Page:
Updated: September 26, 2022
MARK GODDARD PHOTO GALLERY #06
Goddard was born Charles Goddard in Lowell, Massachusetts. He is the youngest of five children, and grew up in Scituate, Massachusetts.
He led both his high school baseball and basketball teams to the state championship finals. Goddard dreamed of becoming a basketball player but eventually turned to acting. He studied at the American Academy of Dramatic Arts in New York City. After
two years, he moved to Los Angeles, California.
Early acting career:
In 1959, after just three weeks in Hollywood, he landed a role in the CBS Four Star Television series Johnny Ringo, having
played the character of Cully, the deputy, to Don Durant's character of Ringo. At this time, he changed his name to
Mark Goddard at the suggestion of his friend and mentor, Chuck Connors of ABC's The Rifleman. Goddard appeared as Norman Tabor
in the 1960 episode "Surprise Party" of the CBS anthology series The DuPont Show with June Allyson.
Goddard was also signed for a role lasting three years in the TV show The Detectives Starring Robert Taylor, another series produced by Four Star Television. The Detectives was a hit series which ran on ABC and NBC from 1958–1961, and starred movie
actor Robert Taylor, along with actors Tige Andrews, Russell Thorson, and Goddard as Detective Chris Ballard.
In 1963, Goddard appeared as "Roy Mooney" on CBS's Perry Mason episode 180, "The Case of the Potted Planter". He appeared at
the time with Keir Dullea as sparring college roommates in an episode of ABC's drama series Channing, costarring Jason Evers
and Henry Jones. He was featured in the 1965 film A Rage to Live, starring Suzanne Pleshette.
From 1964-1965, Goddard starred in another one-season CBS series, Many Happy Returns, in which he portrayed Bob Randall, the
young husband of Joan Randall, played by Elinor Donahue, formerly of Father Knows Best and The Andy Griffith Show. The program starred John McGiver (1913–1975) as the head of the complaint department of a fictitious Los Angeles department store. Elena Verdugo, later on ABC's Marcus Welby, M.D., and Mickey Manners were also in the cast.
Lost in Space:
Goddard's next role was for the three seasons of the CBS television series Lost in Space (1965–68), playing Major Don West.
There were two pilots shot for the series. The original 1965 pilot was much different from the pilot that aired and the episodes that followed in the actual series. There was a blossoming romance between Don West and Judy, the eldest daughter of the Robinson family, but it didn't extend further than the first season. By the middle of the second season, the show took on a more comic
The plotlines increasingly centered around the mishaps of Dr. Zachary Smith (Jonathan Harris) and his friends who could always
be counted upon to save him and all of the inhabitants of the Jupiter-2 — the Robot (Bob May) and Will Robinson (Bill Mumy),
the youngest of the three Robinson children. Castmates included Guy Williams, the former star of Zorro (1957–59), as Professor
John Robinson and the credited star of the series; June Lockhart, the former star of Lassie (1959–1964), as Dr. Maureen Robinson; Marta Kristen as elder daughter Judy Robinson, and Angela Cartwright (The Sound of Music as well as in the last seven seasons of the classic 1953-1964 Danny Thomas sitcom Make Room for Daddy), as younger daughter Penny Robinson.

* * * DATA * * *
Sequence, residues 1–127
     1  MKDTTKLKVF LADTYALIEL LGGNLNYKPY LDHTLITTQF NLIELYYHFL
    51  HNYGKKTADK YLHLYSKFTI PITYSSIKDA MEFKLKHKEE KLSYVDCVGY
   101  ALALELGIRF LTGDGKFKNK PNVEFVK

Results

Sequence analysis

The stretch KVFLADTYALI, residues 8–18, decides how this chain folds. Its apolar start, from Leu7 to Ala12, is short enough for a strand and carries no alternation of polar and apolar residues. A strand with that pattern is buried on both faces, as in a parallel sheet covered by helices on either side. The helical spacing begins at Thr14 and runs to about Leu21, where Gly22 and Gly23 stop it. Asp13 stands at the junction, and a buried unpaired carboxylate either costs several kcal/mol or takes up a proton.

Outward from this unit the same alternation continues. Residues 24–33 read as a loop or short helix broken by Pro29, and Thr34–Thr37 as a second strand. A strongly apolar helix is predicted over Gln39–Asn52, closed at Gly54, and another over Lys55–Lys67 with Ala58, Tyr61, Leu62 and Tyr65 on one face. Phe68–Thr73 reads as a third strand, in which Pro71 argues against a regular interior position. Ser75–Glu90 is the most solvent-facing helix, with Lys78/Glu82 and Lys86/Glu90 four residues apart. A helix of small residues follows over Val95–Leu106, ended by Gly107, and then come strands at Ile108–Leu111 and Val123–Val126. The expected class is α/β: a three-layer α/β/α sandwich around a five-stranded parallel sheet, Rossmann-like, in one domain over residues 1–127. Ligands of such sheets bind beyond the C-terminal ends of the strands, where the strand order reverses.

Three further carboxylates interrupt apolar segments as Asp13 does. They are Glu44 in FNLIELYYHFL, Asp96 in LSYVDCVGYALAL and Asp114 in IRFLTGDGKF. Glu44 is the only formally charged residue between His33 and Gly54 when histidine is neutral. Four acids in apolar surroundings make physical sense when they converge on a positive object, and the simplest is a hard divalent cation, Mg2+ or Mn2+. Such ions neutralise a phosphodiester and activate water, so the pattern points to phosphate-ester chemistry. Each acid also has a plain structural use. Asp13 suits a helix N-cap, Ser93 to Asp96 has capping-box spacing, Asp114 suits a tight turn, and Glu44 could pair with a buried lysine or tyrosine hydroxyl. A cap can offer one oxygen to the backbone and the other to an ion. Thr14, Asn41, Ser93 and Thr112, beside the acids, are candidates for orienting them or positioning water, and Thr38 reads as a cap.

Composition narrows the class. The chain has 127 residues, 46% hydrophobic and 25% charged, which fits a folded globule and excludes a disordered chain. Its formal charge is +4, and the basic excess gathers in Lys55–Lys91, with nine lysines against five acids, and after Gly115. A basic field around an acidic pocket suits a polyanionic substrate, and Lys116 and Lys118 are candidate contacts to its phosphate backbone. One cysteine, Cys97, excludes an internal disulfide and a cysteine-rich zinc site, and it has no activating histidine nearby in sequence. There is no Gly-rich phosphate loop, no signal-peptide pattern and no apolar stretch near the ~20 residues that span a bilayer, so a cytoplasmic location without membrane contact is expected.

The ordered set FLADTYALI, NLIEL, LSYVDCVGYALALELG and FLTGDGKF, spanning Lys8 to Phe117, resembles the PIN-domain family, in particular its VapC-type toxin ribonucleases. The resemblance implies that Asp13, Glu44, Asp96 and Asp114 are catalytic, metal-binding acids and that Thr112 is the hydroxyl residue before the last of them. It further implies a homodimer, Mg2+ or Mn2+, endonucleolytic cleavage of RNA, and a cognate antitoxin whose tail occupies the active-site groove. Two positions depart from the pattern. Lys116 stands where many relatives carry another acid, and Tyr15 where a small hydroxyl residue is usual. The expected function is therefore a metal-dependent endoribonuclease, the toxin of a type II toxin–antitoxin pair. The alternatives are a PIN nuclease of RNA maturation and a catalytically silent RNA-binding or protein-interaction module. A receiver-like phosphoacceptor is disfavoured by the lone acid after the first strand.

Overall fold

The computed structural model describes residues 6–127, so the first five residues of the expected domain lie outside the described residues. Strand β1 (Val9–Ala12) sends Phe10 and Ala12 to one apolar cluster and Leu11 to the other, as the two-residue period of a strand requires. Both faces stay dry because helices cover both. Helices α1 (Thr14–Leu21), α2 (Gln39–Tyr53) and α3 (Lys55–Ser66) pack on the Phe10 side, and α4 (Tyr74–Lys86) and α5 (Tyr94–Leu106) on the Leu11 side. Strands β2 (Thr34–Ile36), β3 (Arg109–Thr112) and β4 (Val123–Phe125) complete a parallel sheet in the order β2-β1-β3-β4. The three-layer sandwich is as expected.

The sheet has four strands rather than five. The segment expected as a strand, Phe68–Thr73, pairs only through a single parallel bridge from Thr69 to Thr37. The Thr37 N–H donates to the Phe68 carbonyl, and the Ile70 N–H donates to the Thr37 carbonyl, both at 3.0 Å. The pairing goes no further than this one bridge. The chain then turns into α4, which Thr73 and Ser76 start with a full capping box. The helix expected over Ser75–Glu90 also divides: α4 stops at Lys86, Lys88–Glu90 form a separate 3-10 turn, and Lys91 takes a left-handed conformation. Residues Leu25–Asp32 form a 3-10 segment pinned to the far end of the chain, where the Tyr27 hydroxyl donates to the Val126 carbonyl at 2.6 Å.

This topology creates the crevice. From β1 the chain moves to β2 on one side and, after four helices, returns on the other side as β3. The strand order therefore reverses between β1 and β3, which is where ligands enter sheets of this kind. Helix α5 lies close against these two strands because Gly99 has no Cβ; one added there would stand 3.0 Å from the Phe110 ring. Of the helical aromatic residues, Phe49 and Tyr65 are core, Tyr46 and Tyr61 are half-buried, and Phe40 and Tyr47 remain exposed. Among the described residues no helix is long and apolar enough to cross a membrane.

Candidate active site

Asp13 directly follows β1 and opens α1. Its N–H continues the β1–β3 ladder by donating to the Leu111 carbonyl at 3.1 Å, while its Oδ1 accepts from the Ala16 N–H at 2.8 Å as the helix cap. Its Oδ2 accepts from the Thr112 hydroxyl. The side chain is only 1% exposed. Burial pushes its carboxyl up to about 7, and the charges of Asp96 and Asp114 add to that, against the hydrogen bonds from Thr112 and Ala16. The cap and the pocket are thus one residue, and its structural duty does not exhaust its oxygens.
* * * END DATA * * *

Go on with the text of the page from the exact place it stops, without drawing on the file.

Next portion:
Goddard's on- and off-screen chemistry with Jonathan Harris had been very remarkable. After Goddard's best-known role on Space, Goddard remained very close to Harris. On June 14, 1995, he and the rest of his cast paid tribute to producer Irwin Allen who
had died late in 1991. On October 16, 1997 (the same day the show's fictional Jupiter-2 spaceship was supposed to take off in
the original episode), Goddard and the rest of the surviving Lost in Space cast also appeared on the inside cover of TV Guide,
to promote the new Lost in Space movie while at the same time the Sci-Fi Channel had planned to do a Lost in Space marathon, according to the network. Goddard was grief-stricken when on November 3, 2002, his mentor and friend of more than thirty-five years, Jonathan Harris, died. He, along with Harris and the rest of his cast were planning for the movie, Lost in Space: The Journey Home, which never came to fruition with NBC.
Later acting career:
Goddard guest starred on three ABC series, The Fugitive, The Mod Squad and The Fall Guy. At one point he moonlighted as a
Hollywood agent. In 1976, he starred as politician Edward Fleming in the movie Blue Sunshine. In 1970, Goddard co-starred
opposite Kent McCord, and Martin Milner, in a very poignant episode of the NBC police drama Adam-12, in which he plays a friend
of Pete Malloy (Milner) who is killed in the line of duty. The episode was entitled "'Elegy for a Pig, (so titled and announced
by Jack Webb himself). Goddard played a support role in a first season episode of NBC's Quincy M.E. as an attorney. In 1978, Goddard starred with Liza Minnelli in The Act (a Broadway musical).
Goddard starred as Ted Clayton on One Life to Live and Lt. Paul Reed on The Doctors. Later, Goddard starred as 'Derek Barrington' on General Hospital.
Goddard made a cameo appearance in the reboot film Lost in Space (1998), as the general in charge of the Jupiter Mission, and superior officer to his former character, Major Don West.
Goddard finished college thirty years after beginning his studies and thereafter received his Master's degree in education. He
is currently a special education teacher at the F.L. Chamberlain School in Middleboro, Massachusetts. In 2009, he released an autobiographical memoir, To Space and Back.